February 10, 2011

Charbay Doubled & Twisted Light Whiskey Review

charbay_doubled_twisted_whiskey.jpgCharbay Doubled & Twisted Light Whiskey
White Dog Whiskey made from bottle-ready IPA
99 Proof (49.5% ABV)
Price: ~$60 per liter, if you can still get your hands on this limited run
Charbay.com

They Say: "The result of using a great IPA is all the hop flavors and two row malty flavors distilled over into the final spirit. The hops give the D&T a fruity, floral, very green spicy character, unlike any other whiskey out there."

We Say: When you're right, you're right, and these Charbay folks are right on, both with their description of Doubled & Twisted and the fact they even made it. What kind of geniuses decide they're going to take a bunch of bottle-ready IPA and distill the hell out of it? To us, it's a discovery so big it's like they invented the wheel, harnessed fire and discovered the lost city of gold, all at once.

The nose was all IPA and the black pepper rawness of an unaged whiskey, without burning our nose hairs. When we tasted it the hops in the IPA came through loud and clear, moreso than we would've expected even, and it has a nice, long hoppy finish we really enjoyed. On the recommendation of Rick from CocktailGoGo we mixed one of our 50ML sample bottles into a Manhattan, and we will never look at the drink the same way again. To paraphrase a certain beer drinking movie, we wished we could freeze it into ice blocks and skate on it, and melt it in the spring time and drink it.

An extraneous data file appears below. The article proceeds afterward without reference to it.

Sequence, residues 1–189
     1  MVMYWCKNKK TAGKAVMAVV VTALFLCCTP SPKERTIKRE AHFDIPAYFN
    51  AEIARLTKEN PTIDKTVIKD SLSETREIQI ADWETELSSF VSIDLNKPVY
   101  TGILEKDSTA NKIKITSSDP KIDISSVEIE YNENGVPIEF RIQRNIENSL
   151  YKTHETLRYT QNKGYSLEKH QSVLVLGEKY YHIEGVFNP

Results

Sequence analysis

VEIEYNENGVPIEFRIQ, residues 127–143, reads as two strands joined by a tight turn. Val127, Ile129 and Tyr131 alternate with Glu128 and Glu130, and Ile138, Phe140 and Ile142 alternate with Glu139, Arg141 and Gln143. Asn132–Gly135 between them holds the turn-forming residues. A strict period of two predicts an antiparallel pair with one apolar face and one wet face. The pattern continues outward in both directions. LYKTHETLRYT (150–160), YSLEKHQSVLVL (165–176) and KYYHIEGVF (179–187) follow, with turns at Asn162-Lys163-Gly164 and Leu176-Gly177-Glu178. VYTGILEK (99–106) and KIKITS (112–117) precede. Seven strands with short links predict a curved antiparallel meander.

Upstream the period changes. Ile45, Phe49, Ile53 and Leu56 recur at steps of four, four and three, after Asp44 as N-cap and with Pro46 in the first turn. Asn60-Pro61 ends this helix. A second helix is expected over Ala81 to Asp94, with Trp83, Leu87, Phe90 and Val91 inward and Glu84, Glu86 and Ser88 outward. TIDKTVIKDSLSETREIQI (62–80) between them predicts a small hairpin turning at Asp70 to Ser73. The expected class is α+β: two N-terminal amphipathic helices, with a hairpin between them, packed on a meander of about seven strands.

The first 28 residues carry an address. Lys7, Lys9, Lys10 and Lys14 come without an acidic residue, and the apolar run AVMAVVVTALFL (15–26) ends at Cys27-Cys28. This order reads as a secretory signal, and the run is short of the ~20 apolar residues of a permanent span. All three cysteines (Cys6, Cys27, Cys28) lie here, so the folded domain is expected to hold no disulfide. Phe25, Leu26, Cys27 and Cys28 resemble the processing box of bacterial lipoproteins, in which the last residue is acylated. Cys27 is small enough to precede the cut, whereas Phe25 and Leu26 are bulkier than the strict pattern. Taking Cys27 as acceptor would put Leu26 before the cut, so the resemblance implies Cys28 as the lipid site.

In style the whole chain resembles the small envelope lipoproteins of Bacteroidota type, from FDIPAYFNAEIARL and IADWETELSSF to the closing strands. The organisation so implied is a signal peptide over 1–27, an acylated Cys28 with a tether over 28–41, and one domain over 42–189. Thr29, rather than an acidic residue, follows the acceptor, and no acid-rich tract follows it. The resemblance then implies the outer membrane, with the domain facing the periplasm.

The Verdict: As an unaged product made from high-end ingredients, Doubled & Twisted is the Tarzan of whiskeys - an excellent pedigree, but a bit lacking in table manners. As long as you know you're in for a moonshiney experience, we can see craft beer enthusiasts and whiskey lovers alike going gaga over D&T - assuming, of course, you can get your hands on it.

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Posted by Jake Jamieson at February 10, 2011 5:50 AM
Recent Comments

Hi Chuck -

I think your typical neutral grain spirit would have the hell distilled right out of it to get rid of any flavors from the original mash. It's our understanding they're keeping the character of the IPA they distilled and keeping the ABV lower (~100 proof), which keeps it squarely in the whiskey category. Does that make sense?


Posted by: Jake Jamieson at February 10, 2011 11:01 AM

Can you explain why the term whiskey can apply to this liquor? I'm not doubting that it tastes as good as you describe, but everything that I've read about whiskey doesn't jive with what this product is. Isn't it just a generic distilled spirit?


Posted by: Chuck Steel at February 10, 2011 10:36 AM
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